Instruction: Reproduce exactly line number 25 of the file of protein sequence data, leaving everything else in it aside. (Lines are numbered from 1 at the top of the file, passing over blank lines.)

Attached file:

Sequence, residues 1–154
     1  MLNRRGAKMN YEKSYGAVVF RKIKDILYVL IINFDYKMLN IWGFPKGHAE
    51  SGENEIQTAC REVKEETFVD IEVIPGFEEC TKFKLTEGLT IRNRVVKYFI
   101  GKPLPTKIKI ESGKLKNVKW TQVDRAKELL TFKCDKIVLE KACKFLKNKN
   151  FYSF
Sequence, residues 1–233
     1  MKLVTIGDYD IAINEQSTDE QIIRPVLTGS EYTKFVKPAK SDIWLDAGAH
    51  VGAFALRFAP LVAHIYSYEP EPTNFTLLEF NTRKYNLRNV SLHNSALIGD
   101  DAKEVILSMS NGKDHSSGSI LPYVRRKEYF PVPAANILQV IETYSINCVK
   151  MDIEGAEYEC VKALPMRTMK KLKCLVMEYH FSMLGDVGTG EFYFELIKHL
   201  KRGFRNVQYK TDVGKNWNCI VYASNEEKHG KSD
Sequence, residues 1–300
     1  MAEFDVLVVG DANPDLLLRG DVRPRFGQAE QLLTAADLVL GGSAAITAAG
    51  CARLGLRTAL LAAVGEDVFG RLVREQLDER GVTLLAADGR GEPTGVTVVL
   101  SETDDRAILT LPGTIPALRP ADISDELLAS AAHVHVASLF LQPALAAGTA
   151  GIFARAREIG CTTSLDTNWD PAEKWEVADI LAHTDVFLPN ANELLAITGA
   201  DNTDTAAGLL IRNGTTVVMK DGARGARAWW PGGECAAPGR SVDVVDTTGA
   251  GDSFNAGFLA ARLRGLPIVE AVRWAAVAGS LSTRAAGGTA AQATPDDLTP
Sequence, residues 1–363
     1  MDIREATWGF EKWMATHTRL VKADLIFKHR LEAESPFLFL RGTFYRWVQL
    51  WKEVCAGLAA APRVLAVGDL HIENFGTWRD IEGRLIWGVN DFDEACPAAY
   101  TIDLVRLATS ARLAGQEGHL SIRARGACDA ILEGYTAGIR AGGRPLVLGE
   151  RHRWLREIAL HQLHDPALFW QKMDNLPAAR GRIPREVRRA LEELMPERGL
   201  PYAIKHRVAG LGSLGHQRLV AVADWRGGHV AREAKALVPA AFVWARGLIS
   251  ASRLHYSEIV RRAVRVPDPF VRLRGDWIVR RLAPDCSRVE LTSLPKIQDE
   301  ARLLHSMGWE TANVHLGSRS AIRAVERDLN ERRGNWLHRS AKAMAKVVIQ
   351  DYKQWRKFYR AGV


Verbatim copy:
   251  ASRLHYSEIV RRAVRVPDPF VRLRGDWIVR RLAPDCSRVE LTSLPKIQDE